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Child Soldier Chapter #2



1918 CHILD SOLDIER FROM HILLIER
(Reprinted from the March 18, 2009 edition of the Town Crier, Mildmay)

(The following is the 2nd in a series providing background for the theatre performance of 1918 Child Soldier from Hillier by Suzanne Pasternak, that will be staged at the Teeswater Town Hall on Saturday March 28, 2009. The fundraiser for the Town Hall will have 2:00 pm matinee and 8:00 pm evening performances).

Chapter -Canadians at Vimy Ridge
(See Photo Gallery for Images)

By John Thompson

Background

In Canada, many men who rushed off to volunteer in August 1914 were simply afraid that they might miss out on the action. General consensus in the media predicted that the war would be over by Christmas!

Robert Clarence Thompson enlisted in the army at the tender age of 13, but on the insistence of his father, he was discharged after one month.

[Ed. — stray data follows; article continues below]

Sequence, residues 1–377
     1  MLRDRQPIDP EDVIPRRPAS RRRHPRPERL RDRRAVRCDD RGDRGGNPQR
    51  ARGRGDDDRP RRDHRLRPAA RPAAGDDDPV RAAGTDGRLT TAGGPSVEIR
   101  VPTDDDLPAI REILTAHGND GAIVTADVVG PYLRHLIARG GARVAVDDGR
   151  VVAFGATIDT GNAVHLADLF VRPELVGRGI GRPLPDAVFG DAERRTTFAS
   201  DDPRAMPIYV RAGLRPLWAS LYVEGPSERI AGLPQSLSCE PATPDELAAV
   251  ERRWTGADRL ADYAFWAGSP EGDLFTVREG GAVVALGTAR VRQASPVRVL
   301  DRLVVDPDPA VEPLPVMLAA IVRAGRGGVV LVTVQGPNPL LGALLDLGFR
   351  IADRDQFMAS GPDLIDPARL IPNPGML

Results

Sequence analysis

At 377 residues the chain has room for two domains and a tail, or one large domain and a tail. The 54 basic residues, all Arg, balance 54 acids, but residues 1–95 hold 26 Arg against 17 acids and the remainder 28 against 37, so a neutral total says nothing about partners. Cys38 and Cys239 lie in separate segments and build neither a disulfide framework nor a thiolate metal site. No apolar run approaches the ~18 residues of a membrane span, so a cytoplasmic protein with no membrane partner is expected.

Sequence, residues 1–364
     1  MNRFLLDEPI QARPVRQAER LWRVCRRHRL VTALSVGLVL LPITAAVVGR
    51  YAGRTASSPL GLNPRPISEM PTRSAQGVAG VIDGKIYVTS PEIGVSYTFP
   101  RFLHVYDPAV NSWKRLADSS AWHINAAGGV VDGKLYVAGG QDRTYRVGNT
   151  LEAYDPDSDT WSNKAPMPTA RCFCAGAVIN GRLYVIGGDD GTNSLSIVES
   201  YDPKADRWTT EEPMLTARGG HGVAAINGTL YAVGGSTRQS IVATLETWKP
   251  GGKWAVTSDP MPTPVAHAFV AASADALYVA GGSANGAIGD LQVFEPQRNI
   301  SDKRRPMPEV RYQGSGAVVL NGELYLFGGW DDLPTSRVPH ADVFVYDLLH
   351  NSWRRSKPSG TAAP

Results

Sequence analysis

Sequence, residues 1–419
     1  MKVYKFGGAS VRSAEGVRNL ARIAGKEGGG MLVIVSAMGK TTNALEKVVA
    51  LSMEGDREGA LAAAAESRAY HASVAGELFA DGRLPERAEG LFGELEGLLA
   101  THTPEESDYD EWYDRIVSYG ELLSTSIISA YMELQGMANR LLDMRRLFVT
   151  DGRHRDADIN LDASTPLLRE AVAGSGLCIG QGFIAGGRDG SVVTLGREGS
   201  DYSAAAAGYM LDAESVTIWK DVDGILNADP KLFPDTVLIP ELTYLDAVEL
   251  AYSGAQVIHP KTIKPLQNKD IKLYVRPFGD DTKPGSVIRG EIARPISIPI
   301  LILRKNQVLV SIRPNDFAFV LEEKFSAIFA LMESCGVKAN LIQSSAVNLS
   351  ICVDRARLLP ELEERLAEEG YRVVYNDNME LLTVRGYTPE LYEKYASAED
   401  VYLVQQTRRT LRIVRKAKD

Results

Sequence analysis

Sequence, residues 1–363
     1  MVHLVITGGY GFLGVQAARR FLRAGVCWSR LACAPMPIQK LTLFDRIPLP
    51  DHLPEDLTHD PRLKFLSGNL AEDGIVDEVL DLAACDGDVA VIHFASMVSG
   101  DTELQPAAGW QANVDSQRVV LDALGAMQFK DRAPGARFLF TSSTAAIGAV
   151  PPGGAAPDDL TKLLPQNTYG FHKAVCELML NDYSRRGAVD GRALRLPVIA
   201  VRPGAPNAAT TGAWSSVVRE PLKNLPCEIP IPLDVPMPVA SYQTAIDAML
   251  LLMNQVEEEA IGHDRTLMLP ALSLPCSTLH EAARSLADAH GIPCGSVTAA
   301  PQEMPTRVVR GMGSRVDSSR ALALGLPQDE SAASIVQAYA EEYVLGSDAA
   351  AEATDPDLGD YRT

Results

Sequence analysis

One Toronto newspaper described volunteer enlistments of Canadians who were “carried away with patriotic enthusiasm at the thought that Britain…. had decided to give the bully of Europe a trouncing.” That bully was Germany.

The determined Thompson ran away from home and successfully re-enlisted in Wellington, Ontario on March 16, 1916 (at age 14, using attestation papers that falsified his birth-date) with the 155th battalion. For many young Canadians, the army provided an escape from the tedium of farm or factory work… and recruits would earn a pretty decent salary of $1.10 per day… plus food, a uniform and undoubtedly some adventure abroad.

In September 1916, Thompson was sent to England for six months of training (possibly at the camp at Salisbury Plain) and then, to France to engage in the battles.

The Reality of War

On April 22, 1915, Canadian soldiers in the trenches near Ypres had their first encounter with the poisonous chlorine gas released by the Germans, which had taken warfare to a new low.

With 6,700 soldiers killed at this Second Battle of Ypres, Canadians at home were shocked to read the long death lists that had been confirmed.

In June 1916 more than 8,000 Canadians were killed in the battle of Mont Sorrel.